My Thoughts: Slowly the three women who are central to the story in The Child are revealed to us in bits and pieces. We do not know what, if anything, connects them. But they are all struck by the news of the infant. A baby that has been buried on the site for a number of years. The story takes us from the present to the past through alternating narrators, who show us moments in their lives and offer up thoughts, feelings, and clues to their histories.

Emma Massingham Simmonds is struggling every day, her mind a mess of anxieties, dark thoughts, and nightmares. Her husband Paul takes care of her, and she works at home as a book editor. But her conflicted relationship with her mother Jude seems to be at the heart of her emotional angst, and she has dark secrets that come to her in nightmares.

Angela Irving is still heartbroken over her lost infant Alice. Her husband and other children have given up on her constant grief. But she hangs onto her hope. Something about the buried baby calls to her.

Jude, Emma’s mother, seems worried about what might be discovered about that baby, and her mind flits to memories of her great love for a man named Charlie…and then her relationship with a professor named Will Burnside, whom she cannot forget. She seems to blame Emma for losing these “loves of her life.”

Kate Waters, the reporter, is such an interesting character who searches for answers, interviews people who lived in the neighborhood where the baby was found, and gradually finds herself drawn more and more to the women who all seem to have a personal interest in the story. Her ferocious pursuit despite discouraging moments kept me intrigued, as she met with numerous characters, many of whom were troubling and sometimes unreliable.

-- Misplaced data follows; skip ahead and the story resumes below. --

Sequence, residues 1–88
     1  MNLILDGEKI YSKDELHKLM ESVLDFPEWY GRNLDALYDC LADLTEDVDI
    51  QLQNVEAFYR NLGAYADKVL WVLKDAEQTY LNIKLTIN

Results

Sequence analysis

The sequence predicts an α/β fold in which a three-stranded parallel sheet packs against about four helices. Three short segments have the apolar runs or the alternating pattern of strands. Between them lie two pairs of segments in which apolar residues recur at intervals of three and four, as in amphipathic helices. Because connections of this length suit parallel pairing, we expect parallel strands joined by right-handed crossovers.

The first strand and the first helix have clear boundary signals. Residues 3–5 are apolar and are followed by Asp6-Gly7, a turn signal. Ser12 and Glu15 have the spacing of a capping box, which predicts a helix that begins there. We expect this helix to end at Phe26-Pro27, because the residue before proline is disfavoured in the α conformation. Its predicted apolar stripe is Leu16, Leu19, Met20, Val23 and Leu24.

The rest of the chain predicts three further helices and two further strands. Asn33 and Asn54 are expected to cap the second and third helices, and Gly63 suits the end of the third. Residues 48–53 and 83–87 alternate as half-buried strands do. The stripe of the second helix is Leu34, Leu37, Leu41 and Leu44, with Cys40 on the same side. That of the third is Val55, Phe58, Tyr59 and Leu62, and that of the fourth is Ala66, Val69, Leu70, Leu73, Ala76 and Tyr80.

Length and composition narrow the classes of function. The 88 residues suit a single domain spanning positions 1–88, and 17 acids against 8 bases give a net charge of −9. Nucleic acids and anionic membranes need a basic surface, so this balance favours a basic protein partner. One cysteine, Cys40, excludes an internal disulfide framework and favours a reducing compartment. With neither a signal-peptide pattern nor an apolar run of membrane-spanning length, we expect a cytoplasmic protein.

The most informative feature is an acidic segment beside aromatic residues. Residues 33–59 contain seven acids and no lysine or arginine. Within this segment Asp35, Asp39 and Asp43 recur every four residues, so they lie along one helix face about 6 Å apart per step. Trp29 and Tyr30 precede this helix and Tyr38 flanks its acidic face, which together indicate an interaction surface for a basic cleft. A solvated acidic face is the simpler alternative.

I loved watching how she pushed ahead to find the answers…and then, just when I thought she had it all figured out, a startling twist turned everything upside down. Suddenly, out of the confusion, the clarity came. An unputdownable novel that earned 5 stars.

***

REVIEW: THE GIRL: A LIFE IN THE SHADOW OF ROMAN POLANSKI, BY SAMANTHA GEIMER

In this searing and surprising memoir, Samantha Geimer, “the girl” at the center of the infamous Roman Polanski sexual assault case, breaks a virtual thirty-five-year silence to tell her story and reflect on the events of that day and their lifelong repercussions.
My Thoughts: Our first person narrator is Samantha, the victim of the 1977 episode with Roman Polanski, and the ongoing victim of the court system.

From her perspective, we learn what it was like to be questioned repeatedly prior to the actual filing of charges, and then again by various attorneys and a psychiatrist. Recalling how different attitudes were in the 1970s, especially for celebrities, it would take some maneuvering to protect the identity of the girl…but in the end, the ego of the judge in charge would ultimately change her life negatively going forward. When an agreement had been reached that could have ended the matter once and for all, the judge reneged on the deal, which led to Polanski fleeing to France.